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Jacques Maritain: Man’s Approach to God

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Man’s Approach to God was the fifth lecture in the Wimmer Memorial Lecture Series (1947-1970) at Saint Vincent and was given in 1951 by Jacques Maritain.

Maritain was one of the most influential figures in the Thomastic revival of the 20th century. Both in his persona life and in his prolific academic corpus, Maritain modeled the Church’s commitment to the interrelationship between faith and reason.

His Wimmer lecture is a model specimen of this approach.. Maritain’s Man’s Approach to God is a three-part lecture. In it, he seeks to explain how man comes to know God existentially, as well as how faith responds to and completes this search for meaning. This lecture grew out of his desire to show that every human being, and not just philosophers, can penetrate into the depths of reality, for all bear within themselves the indelible image of God and are equally called to the communion of “love for God and love for our brothers [as] a single love of charity.”

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Man’s Approach to God was the fifth lecture in the Wimmer Memorial Lecture Series (1947-1970) at Saint Vincent and was given in 1951 by Jacques Maritain. Maritain was one of the most influential figures in the Thomastic revival of the 20th century.

Both in his persona life and in his prolific academic corpus, Maritain modeled the Church’s commitment to the interrelationship between faith and reason. So seriously did he take his intellectual commitments in his student years that, along with soon-to-be wife, Raissa Oumansoff, he made a suicide pact that he would only break if he could find some meaning to life.

This search ultimately led him to Catholicism. Maritain’s works reveal an active mind capable of applying his speculative thought to virtually any subject. Every one of his works was an exploration of reason and its limits, and of how faith completes the natural desire to know. His Wimmer lecture is a model specimen of this approach.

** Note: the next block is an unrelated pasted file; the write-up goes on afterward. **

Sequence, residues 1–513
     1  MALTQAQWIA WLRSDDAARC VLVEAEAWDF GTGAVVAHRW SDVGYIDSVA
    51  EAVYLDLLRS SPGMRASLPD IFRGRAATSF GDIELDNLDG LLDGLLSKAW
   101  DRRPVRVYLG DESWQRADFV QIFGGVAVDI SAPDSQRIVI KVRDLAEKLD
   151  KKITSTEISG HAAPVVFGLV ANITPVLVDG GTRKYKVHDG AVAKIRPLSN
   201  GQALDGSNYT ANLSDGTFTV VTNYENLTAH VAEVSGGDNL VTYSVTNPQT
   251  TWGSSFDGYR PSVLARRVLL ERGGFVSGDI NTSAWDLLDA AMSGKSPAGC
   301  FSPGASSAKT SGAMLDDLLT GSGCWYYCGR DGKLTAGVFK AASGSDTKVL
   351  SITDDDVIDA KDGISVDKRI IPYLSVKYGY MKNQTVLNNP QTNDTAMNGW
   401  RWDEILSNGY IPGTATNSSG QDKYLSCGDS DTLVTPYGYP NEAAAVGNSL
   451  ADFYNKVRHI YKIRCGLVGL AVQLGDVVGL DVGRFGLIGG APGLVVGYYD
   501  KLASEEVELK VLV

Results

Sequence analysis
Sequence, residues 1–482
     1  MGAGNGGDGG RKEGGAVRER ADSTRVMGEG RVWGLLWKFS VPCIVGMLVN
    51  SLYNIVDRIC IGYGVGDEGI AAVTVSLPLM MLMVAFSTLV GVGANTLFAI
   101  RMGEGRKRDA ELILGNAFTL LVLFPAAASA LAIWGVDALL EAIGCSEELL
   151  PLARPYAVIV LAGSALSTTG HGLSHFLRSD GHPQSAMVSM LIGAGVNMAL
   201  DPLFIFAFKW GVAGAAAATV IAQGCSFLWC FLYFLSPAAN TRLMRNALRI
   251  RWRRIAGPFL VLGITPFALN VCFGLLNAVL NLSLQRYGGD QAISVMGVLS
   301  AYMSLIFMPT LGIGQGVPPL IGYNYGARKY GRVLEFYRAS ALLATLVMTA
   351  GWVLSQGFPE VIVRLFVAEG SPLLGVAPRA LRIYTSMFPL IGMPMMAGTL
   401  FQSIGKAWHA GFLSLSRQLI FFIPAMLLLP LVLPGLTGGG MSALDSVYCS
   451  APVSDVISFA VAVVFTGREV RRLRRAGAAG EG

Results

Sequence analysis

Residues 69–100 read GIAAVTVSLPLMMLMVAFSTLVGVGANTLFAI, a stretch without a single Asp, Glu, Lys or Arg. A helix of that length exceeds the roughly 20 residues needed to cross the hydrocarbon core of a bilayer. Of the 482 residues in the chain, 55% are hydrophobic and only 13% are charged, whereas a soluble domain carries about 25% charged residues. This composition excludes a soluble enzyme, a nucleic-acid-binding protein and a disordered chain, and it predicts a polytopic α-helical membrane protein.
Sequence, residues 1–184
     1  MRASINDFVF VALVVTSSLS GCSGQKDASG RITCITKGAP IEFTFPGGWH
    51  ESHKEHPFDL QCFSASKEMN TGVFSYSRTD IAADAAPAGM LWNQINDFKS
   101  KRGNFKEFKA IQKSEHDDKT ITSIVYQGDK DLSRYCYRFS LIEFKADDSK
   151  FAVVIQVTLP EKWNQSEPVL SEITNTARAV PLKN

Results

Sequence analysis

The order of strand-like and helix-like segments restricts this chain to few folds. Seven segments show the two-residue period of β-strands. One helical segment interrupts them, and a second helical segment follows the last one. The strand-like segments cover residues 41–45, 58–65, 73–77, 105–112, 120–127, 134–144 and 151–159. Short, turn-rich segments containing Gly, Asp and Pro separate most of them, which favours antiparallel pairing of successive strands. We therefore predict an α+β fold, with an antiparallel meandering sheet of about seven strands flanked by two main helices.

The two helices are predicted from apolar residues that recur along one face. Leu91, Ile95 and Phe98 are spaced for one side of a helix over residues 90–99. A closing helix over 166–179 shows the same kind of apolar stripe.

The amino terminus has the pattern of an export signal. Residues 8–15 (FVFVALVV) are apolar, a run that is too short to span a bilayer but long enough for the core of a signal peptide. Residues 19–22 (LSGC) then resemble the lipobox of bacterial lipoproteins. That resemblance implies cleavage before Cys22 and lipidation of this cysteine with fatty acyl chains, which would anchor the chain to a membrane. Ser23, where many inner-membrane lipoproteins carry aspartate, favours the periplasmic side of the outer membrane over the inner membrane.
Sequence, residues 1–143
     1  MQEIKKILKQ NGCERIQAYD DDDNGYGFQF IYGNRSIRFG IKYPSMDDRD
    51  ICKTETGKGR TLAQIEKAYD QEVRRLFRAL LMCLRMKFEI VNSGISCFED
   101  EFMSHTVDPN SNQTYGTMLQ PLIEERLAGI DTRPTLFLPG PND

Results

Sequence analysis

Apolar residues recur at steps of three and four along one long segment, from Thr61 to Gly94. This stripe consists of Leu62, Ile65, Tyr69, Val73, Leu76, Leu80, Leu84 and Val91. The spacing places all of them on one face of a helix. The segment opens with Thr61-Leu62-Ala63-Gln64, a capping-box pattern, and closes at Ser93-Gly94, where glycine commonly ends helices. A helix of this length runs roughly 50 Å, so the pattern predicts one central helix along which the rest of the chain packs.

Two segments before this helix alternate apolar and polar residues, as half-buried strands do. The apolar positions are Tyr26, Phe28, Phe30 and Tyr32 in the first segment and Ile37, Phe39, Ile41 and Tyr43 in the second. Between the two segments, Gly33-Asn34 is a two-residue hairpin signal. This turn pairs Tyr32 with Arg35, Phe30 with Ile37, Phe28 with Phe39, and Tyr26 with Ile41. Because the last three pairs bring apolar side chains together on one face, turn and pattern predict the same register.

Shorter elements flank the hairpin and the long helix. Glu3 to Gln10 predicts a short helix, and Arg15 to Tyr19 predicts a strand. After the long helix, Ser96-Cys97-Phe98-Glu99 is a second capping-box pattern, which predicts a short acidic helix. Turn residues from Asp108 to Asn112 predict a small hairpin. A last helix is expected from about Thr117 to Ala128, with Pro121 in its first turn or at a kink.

Maritain’s Man’s Approach to God is a three-part lecture. In it, he seeks to explain how man comes to know God existentially, as well as how faith responds to and completes this search for meaning. This lecture grew out of his desire to show that every human being, and not just philosophers, can penetrate into the depths of reality, for all bear within themselves the indelible image of God and are equally called to the communion of “love for God and love for our brothers [as] a single love of charity.”

Jacques Maritain (1882-1973) was one of the most influential figures in the Thomistic revival of the 20th century. Both in his personal life and in his prolific academic corpus, Maritain modeled the Church’s commitment to the interrelationship between faith and reason. As John Paul II so eloquently put it, “faith and reason are like two wings on which the human spirit rises to the contemplation of truth” (Fides et Ratio, Introduction); this saying nicely summarizes Maritain’s life and work.

It cannot be doubted that Maritain saw the pursuit of the Truth as a way of life and not just as an academic exercise. So seriously did he take his intellectual commitments in his student years that, along with his soon-to-be wife, Raïssa Oumansoff, he made a suicide pact that he would only break if he could find some meaning to life. Under the influence of Charles Péguy, he attended Henri Bergson’s lectures and began to see the possibility of a deeper purpose that could not be captured by the scientism that dominated French intellectual culture. His willingness to follow reason wherever it may lead ultimately resulted in his conversion to Catholicism and lifelong devotion to Thomistic thought.

Maritain’s works reveal an active mind capable of applying his speculative thought to virtually any subject. In general, one could say that every one of his works was an exploration of reason and its limits, and of how faith completes the natural desire to know. His 1951 Wimmer Lecture, Man’s Approach to God, is a model specimen of this approach. While the way he addresses his topic, human “knowledge of the existence of God” (Man’s Approach to God, 17), places him squarely within the Catholic tradition, he takes seriously the Church’s claim that God can be known via His creation apart from supernatural revelation. In this three-part lecture, Maritain seeks to explain how man comes to know God existentially, as well as how faith responds to and completes this search for meaning.

The introduction to the lecture was written by Dr. Michael Krom of Saint Vincent College.

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Weight .062369 lbs
Dimensions 2.95276 × 2.066929 × .0984252 in

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